THT Awardsby John Barten
October 05, 2010
Welcome to the awards.
All stats are for the period of Monday, Sept. 27 through Sunday, Oct. 3. All season stats are through the third. For award definitions, see this year’s primer.
This is the last regular weekly edition of the awards for obvious reasons. Next week we start handing out the season’s grand prizes.
This week’s proof that assigning wins and losses to a pitcher is an archaic practice that must stop
Good luck division
Kyle Davies and Kevin Slowey combined to throw five innings and allowed 13 runs. They were each spared the indignity of a loss as reliever Jeff Manship allowed three runs of his own and absorbed the demerit.
Carlos Monasterios was fortunate to find his way into a no-decision when he yielded five runs in four and two thirds.
Yovani Gallardo and Jon Niese were shelled for 13 runs on 20 hits in six innings. The bullpens provided the decisions in a wild game.
Kerry Wood’s blown save took Tim Wakefield off the hook after the preeminent knuckleballer let in five runs in as many innings.
Mike Pelfrey threw seven frames, allowing one run, striking out four, walking two. Livan Hernandez went six, allowing one run. Neither got the win on the final day of the regular season.
Bad luck division
Tommy Hanson and Alex Sanabia combined to throw 14 and two thirds, allowing two runs on 10 hits and no walks, striking out eight. Neither got the win as the game stayed even until the 11th.
In most games that end 1-0, there is a tough luck loser; here it is Tim Stauffer, who allowed one run in seven frames, striking out five Cubs.
In another 1-0 game, both Tom Gorzelanny and Jon Garland each received no-decisions in a game that the Padres really needed to win.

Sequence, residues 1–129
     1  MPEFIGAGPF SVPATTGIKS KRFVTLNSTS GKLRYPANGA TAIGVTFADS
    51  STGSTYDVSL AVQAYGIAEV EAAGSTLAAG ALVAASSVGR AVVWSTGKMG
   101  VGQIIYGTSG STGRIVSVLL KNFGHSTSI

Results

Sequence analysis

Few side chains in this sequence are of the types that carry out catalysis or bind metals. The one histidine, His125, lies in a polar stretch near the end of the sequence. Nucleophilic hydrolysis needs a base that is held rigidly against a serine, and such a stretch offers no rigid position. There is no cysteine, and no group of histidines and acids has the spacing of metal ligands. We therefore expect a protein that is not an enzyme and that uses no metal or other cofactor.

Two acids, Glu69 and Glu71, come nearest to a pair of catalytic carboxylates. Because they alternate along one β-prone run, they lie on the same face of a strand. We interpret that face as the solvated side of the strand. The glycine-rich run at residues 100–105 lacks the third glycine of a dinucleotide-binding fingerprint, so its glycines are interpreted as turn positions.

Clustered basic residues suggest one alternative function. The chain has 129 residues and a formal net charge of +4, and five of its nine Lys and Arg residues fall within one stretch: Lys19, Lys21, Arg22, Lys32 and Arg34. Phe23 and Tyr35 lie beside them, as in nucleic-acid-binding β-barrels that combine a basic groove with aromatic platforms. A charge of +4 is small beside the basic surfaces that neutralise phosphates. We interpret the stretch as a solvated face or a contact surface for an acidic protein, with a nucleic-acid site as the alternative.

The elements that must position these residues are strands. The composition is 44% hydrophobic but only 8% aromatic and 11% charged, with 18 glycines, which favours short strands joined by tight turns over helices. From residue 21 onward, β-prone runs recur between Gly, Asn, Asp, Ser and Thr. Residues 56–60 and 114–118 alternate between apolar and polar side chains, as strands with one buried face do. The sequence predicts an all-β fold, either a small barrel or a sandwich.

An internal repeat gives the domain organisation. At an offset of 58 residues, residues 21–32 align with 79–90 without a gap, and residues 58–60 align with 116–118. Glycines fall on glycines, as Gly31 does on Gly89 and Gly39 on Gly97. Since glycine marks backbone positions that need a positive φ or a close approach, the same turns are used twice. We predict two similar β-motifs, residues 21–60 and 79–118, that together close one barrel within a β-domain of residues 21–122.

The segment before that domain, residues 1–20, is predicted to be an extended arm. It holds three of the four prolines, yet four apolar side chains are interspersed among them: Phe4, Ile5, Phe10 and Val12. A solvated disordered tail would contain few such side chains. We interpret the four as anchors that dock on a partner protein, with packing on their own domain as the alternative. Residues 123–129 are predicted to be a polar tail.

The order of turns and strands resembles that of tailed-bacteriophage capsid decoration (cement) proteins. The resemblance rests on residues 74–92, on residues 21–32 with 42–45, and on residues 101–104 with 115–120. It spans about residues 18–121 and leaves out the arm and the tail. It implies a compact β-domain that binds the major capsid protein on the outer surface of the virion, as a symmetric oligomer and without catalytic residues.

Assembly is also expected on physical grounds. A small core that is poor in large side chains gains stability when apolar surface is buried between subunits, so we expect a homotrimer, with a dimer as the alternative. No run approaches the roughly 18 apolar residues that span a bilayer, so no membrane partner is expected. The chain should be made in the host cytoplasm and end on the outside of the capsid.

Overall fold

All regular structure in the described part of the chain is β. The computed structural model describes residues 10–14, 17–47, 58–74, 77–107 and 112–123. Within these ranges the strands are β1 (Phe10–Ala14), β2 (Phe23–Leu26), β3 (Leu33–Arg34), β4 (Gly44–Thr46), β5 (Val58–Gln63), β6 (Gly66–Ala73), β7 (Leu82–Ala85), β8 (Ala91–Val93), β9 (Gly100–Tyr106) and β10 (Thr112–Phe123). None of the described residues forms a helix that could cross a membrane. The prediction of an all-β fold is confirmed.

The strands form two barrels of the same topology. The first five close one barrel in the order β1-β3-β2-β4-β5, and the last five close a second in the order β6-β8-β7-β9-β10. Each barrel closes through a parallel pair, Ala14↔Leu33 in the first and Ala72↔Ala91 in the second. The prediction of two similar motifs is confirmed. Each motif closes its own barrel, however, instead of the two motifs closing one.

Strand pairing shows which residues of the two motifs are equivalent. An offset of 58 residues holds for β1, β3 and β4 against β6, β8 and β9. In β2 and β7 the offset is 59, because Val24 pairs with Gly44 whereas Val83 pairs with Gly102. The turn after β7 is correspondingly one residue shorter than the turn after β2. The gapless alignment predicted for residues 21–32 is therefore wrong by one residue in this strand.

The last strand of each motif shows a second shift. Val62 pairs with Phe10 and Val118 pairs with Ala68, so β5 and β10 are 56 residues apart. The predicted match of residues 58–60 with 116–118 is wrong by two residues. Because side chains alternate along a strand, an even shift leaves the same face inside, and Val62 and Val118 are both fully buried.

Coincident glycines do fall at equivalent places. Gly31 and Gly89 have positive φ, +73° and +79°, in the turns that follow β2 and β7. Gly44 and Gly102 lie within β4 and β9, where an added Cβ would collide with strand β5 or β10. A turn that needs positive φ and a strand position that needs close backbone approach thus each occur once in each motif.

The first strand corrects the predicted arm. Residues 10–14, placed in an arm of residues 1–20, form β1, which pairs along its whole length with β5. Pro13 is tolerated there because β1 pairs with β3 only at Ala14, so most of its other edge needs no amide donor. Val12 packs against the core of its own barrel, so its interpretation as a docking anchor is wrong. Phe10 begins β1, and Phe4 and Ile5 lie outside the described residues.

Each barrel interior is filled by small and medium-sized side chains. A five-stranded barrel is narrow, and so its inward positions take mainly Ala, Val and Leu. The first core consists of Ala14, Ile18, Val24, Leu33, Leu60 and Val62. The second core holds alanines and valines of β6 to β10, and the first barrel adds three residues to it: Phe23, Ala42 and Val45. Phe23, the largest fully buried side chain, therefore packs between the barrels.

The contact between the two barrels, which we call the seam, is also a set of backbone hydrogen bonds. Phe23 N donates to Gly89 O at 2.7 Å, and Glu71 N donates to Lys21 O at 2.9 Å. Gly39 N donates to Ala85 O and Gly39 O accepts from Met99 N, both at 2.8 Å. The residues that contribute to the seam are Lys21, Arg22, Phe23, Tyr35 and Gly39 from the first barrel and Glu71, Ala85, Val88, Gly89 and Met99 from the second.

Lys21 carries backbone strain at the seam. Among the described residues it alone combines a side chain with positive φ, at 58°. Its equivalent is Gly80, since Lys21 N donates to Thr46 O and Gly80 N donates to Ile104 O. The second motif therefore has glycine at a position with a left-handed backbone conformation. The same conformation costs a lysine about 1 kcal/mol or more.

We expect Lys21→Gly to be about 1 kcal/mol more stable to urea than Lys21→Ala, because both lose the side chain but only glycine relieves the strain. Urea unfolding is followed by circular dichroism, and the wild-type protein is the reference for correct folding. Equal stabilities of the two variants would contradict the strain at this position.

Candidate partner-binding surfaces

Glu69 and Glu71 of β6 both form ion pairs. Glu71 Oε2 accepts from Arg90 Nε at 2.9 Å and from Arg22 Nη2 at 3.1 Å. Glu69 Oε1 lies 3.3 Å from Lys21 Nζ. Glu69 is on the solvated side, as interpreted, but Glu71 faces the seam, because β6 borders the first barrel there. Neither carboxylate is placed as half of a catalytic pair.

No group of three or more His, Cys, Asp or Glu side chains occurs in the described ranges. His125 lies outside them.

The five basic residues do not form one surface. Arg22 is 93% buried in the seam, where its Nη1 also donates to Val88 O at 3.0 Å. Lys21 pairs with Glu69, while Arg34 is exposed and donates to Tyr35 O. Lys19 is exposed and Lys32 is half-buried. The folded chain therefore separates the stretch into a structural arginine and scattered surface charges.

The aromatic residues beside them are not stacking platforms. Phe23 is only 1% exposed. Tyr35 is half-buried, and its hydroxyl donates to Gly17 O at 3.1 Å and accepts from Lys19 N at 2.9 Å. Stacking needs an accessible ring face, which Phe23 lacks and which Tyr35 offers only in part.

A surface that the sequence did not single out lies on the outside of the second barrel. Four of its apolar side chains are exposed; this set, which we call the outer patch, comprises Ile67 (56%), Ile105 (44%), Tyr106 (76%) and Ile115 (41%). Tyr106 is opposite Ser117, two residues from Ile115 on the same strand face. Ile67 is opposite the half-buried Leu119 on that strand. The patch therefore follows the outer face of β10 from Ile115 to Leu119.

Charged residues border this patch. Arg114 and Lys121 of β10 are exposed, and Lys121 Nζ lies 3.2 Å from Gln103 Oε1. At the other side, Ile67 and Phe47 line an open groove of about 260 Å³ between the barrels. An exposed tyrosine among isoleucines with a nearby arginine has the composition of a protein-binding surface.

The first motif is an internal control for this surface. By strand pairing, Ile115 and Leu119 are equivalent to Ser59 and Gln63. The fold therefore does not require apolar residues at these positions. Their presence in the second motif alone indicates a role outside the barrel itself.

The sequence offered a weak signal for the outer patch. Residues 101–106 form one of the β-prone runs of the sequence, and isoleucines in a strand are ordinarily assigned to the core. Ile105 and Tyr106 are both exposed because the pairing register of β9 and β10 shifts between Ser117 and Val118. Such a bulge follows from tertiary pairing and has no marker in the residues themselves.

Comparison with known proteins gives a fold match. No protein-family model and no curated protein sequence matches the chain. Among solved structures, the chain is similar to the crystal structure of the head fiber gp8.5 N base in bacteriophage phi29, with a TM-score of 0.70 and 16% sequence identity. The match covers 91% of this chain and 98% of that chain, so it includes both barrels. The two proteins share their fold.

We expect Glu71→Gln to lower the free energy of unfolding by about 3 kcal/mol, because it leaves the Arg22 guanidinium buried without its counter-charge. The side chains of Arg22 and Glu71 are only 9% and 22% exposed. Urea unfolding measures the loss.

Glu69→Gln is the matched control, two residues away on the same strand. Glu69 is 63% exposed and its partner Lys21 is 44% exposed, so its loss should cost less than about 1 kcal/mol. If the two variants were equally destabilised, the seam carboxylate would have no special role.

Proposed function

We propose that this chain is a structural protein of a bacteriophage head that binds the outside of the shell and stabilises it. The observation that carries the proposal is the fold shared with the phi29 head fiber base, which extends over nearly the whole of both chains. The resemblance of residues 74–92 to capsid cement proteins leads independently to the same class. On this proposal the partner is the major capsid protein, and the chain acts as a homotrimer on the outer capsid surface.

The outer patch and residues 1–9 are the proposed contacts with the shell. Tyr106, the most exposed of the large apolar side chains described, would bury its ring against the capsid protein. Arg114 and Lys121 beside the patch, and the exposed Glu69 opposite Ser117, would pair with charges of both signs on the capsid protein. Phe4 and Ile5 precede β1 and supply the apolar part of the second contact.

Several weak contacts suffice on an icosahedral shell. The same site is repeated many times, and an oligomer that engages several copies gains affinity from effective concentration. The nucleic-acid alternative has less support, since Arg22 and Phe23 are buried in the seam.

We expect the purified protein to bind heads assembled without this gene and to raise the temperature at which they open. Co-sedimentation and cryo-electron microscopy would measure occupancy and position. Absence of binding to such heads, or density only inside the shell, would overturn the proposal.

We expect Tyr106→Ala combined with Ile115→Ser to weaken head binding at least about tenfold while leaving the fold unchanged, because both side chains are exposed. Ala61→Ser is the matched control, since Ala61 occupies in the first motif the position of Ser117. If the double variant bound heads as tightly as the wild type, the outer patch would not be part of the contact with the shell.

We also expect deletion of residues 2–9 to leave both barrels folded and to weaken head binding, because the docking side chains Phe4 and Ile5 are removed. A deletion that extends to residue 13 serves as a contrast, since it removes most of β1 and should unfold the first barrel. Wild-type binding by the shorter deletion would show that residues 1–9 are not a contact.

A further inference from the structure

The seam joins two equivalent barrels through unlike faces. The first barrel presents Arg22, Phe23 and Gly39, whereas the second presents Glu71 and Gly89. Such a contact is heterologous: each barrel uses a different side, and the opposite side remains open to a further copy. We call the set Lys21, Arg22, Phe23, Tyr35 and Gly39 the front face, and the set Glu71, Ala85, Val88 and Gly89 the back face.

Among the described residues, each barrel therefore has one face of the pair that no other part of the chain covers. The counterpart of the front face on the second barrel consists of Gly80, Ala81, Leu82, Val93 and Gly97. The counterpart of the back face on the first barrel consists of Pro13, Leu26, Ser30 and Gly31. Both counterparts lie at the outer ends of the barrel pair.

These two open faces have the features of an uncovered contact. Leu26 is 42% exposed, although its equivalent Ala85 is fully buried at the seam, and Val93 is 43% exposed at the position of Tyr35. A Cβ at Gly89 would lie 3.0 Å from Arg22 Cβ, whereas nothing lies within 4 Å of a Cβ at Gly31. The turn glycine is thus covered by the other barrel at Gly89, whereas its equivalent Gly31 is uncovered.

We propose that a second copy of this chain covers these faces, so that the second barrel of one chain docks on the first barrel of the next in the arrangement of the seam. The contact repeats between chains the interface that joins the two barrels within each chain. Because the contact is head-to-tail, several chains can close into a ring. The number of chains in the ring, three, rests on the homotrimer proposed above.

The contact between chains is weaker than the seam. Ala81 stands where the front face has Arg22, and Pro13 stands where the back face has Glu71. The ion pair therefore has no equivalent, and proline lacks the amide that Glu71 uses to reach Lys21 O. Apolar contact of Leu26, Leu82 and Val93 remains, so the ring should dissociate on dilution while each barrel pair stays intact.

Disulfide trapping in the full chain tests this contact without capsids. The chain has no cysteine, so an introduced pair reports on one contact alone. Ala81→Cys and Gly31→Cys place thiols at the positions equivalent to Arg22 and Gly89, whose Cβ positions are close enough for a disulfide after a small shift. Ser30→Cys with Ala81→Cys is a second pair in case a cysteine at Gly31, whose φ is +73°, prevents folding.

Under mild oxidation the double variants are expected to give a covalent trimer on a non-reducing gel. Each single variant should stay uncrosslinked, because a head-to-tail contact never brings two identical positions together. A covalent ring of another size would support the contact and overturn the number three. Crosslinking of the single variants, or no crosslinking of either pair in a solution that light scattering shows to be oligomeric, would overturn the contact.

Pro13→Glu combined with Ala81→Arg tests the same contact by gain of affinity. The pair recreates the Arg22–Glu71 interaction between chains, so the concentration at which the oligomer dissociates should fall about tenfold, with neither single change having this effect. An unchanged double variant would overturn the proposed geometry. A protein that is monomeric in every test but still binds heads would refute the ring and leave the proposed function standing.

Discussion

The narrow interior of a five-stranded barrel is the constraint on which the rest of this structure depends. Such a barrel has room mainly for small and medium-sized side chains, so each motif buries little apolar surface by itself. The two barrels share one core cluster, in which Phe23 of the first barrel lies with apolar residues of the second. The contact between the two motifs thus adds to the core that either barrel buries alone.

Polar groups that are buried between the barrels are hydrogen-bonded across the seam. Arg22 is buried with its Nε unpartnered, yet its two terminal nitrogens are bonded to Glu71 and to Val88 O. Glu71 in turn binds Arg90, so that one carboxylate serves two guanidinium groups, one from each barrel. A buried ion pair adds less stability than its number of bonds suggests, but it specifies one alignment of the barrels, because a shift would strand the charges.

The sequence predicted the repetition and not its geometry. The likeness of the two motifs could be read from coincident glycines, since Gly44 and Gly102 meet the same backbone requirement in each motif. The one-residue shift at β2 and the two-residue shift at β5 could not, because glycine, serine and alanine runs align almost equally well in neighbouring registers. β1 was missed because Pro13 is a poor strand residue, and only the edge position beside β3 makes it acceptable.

And a third 1-0 game with Ubaldo Jimenez going eight, striking out 10 and Kyle Lohse with seven scoreless for the Cards. No decisions to be had here.
Bobby Cramer and Joel Pineiro dueled, allowing one run each, Cramer in six and two thirds, Pineiro in seven. They got matching no-decisions.
Jordan Zimmerman was good, providing six innings of one run baseball. Pat Misch was better, going eight, striking out 10 and allowing one run. Both walked away with nothing to show but a better ERA.
This game really does qualify for multiple categories, but it lands here. Hiroki Kuroda and Jeff Francis combined to allow 10 runs in nine and a third. Kuroda was in line for the win for no reason other than the fact that he spread his five runs out over six and a third. But Ronald Belisario stepped in and blew the save. Given the category listed, you no doubt have already figured out that the Dodgers bats picked up the slack and gave Belisario his third win on the season despite the ugly blown save (which was also responsible for one of the runs charged to Kuroda).
Darren O’Day ruined Cliff Lee’s seven-inning, one-run, eight-strikeout, no-walk performance by blowing the save. The Arlington bats picked him up and handed him a dirty, vultured win.
Wes Littleton Award
It is pretty common for me to whine about three-run saves in which the closer retires three awful batters. Well, when the three batters are as bad as Carlos Lee, Geoff Blum and Jason Michaels, I feel it is appropriate to complain about two-run saves as well.
Francisco Cordero’s 39th save was of the three-run variety and was accomplished at the expense of Lorenzo Cain (who isn’t a half bad hitter), Jonathan Lucroy and Alcides Escobar (who aren’t good hitters).